Bill Nye, known for his television show Bill Nye the Science Guy, spoke to a full Bovard Auditorium on Tuesday night about climate and global changes with his signature humor.
During the lecture, Nye fainted but woke up shortly after.
“What happened? How long was I out?” Nye said after standing up. “Wow, that was crazy. I feel like Lady Gaga or something.”
Though Nye was visibly shaken, leaning on the podium for support and eventually sitting down, he finished his lecture.
“The joy of discovery, my friends, is what science is all about,” Nye said.
Nye discussed mainly climate change and the issue of rapid global warming, but drew on examples from the climate of Venus to North Dakota windmills.
“This is not, as I like to say, rocket surgery. This is people not paying attention to what’s going on,” Nye said.
Addressing the audience as the “climate change generation,” Nye presented students with facts and solutions for the current climate situation and emphasized students’ abilities to change the world, particularly through technology.
“You guys can invent technology that could — dare I say it? — change the world,” Nye told the audience.
Nye balanced the lecture with humor and facts. Nye spoke in dramatic voices and one-liners, reminiscent of his popular television show.
Audience members applauded Nye for resuming his lecture after fainting.
“He kept trying to finish his speech though it was clear he was really woozy, and he did finish from a chair. What a trooper,” said Pierre Tasci, a sophomore majoring in engineering.
After the lecture, the audience gave a standing ovation and chanted “Bill,” a tribute to his show’s theme song.
Bill Nye the Science Guy, ran on PBS from 1993 to 1997. The popular show aimed at teaching different scientific concepts to its audience.
“I remember the little episodes; it was all do-it-yourself, [so] you didn’t need a kit. I remember the funny voices he did, his kid helpers, the cool sets he had … I wondered how things worked, and he explained it,” Sidhom said.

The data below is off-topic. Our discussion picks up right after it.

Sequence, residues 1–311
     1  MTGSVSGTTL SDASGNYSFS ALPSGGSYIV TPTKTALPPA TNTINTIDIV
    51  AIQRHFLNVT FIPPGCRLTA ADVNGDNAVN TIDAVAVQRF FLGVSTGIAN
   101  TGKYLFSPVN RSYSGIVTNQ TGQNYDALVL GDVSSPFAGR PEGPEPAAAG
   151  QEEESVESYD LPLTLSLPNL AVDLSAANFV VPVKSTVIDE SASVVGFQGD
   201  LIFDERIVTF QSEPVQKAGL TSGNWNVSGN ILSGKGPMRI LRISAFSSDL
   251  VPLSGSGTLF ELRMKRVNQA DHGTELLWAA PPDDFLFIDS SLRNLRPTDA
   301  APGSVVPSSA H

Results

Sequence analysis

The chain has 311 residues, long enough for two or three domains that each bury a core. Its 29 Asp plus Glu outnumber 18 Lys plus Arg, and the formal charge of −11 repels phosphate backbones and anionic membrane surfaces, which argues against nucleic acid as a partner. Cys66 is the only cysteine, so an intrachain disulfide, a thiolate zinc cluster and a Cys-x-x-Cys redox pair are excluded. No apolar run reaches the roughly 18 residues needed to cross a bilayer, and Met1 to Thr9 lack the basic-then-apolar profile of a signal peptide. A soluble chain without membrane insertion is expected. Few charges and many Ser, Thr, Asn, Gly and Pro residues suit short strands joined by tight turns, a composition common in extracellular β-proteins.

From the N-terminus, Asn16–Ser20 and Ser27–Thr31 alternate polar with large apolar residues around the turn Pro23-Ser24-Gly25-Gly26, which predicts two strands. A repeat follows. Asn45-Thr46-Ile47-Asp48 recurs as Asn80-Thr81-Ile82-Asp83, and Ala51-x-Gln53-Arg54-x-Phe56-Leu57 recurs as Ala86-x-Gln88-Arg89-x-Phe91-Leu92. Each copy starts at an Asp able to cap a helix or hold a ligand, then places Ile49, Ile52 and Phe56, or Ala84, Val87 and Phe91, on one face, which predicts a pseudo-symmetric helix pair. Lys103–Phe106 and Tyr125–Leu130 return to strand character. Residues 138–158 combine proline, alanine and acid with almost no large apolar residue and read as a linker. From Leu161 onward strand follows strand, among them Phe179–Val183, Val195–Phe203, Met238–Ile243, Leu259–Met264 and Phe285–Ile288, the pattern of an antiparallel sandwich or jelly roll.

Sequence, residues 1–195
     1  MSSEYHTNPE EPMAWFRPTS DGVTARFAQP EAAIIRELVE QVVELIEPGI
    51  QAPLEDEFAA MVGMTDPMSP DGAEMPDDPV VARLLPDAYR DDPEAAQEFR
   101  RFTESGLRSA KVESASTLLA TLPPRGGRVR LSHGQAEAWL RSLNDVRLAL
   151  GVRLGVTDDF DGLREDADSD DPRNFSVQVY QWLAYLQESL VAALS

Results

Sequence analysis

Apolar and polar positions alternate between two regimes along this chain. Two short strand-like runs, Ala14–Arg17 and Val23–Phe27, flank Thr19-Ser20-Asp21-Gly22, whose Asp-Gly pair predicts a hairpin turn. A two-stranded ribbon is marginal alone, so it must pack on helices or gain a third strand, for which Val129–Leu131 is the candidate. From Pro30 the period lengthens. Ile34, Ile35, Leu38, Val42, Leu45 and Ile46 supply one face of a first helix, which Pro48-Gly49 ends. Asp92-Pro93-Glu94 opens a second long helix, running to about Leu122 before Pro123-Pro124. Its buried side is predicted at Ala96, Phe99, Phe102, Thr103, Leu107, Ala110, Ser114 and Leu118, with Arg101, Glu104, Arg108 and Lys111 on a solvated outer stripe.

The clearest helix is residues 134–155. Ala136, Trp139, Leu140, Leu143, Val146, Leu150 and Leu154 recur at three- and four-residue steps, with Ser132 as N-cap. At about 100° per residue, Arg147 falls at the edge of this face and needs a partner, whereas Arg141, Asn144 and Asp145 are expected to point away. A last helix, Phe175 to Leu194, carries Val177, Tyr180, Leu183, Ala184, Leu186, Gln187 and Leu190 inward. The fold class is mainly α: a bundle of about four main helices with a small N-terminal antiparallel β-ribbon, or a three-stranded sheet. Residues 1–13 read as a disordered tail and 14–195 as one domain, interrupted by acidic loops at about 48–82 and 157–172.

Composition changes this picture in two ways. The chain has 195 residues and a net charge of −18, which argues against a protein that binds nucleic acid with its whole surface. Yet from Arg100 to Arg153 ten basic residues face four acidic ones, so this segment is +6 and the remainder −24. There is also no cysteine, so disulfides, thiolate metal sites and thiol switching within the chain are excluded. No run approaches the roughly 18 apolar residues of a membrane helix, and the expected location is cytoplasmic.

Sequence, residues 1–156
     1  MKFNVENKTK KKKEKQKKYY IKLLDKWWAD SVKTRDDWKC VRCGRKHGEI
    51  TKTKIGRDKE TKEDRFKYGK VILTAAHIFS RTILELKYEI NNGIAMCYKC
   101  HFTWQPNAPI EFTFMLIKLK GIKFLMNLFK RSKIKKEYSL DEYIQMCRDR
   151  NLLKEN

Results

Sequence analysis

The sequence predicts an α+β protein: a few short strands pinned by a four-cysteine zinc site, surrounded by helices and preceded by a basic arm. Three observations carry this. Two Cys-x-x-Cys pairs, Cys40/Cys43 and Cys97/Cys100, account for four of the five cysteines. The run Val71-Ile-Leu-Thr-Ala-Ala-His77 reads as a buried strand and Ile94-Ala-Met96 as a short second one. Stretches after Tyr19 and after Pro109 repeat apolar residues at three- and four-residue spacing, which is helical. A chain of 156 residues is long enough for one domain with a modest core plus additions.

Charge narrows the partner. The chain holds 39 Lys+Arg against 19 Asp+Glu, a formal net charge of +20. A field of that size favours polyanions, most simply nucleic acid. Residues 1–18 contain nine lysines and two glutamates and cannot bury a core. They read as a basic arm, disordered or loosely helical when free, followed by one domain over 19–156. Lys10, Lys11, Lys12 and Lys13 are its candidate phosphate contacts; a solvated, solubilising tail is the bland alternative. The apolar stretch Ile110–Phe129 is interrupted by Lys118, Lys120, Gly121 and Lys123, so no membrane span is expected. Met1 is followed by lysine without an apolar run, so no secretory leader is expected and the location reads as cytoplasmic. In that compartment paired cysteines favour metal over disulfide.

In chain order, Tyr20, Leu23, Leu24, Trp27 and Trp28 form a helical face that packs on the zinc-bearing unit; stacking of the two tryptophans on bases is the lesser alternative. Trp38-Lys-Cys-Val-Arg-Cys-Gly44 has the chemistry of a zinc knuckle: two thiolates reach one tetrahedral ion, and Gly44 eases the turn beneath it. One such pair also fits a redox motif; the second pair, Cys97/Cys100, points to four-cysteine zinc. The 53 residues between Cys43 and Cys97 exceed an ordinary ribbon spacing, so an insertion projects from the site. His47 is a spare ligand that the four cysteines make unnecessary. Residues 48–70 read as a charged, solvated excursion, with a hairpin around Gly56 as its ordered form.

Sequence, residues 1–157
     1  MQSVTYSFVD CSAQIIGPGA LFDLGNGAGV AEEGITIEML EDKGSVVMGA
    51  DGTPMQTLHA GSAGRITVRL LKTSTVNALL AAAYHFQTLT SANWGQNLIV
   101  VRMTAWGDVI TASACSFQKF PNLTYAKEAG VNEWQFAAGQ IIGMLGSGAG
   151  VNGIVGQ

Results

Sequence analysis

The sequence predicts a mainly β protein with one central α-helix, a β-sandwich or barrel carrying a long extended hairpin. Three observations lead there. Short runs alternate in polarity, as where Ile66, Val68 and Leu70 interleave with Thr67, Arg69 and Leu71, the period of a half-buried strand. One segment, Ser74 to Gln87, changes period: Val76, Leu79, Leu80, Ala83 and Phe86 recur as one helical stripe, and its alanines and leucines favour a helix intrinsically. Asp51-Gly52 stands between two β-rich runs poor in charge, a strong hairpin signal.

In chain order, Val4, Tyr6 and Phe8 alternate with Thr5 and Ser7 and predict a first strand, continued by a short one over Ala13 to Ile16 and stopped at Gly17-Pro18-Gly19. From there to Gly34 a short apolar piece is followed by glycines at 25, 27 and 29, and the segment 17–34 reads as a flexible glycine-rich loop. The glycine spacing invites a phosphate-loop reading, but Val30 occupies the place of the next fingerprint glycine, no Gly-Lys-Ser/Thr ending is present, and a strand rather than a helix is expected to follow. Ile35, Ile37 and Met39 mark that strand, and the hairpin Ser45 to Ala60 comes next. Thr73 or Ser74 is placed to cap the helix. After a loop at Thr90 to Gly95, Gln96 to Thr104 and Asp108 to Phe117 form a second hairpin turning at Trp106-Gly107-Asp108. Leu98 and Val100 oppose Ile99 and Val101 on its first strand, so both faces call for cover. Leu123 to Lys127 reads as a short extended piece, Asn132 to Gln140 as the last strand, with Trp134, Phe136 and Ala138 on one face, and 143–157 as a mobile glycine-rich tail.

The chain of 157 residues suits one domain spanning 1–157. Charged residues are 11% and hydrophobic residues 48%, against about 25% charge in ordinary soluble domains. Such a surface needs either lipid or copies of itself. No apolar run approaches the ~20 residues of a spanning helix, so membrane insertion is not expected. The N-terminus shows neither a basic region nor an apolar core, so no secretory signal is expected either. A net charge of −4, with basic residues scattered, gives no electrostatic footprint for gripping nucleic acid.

Corrine Tom, a junior majoring in biomedical engineering, said she would love to have Nye as a professor, and enjoyed his lecture.
“I thought it was really awesome; really seeing him in person was wonderful,” Tom said.
“[The lecture] was interesting — he brought in a lot of stuff from the show, like quirky voices. It was really cool to see one of my childhood heroes,” Sam Lin, a senior majoring in biomedical engineering, said.
The event was organized by the USG Program Board’s Speakers Committee and Academic Culture Assembly. Nye’s lecture lasted about 45 minutes, but the question-and-answer session was cancelled because of concerns about his health.
Some students lined up more than five hours before the doors opened just to see Nye speak.
“I love Bill Nye. He taught me English … and science, too. I’m ready, front and center,” Richard Sidhom, a freshman majoring in philosophy, policy, and law.
Sidhom was the first student in line, arriving at Bovard at 1:45 p.m.
Arya Shah, a freshman majoring in neuroscience, had been in line since 3:30 p.m.
“He’s my hero. My dad used to tape all his shows for me,” Shah said. “I loved him.”
Program Board organizers said Nye fainted because of exhaustion, but was not taken to the hospital.
“He’s doing fine,” said Frank Chen, director of Program Board’s Academic Culture Assembly. “He’s OK right now.”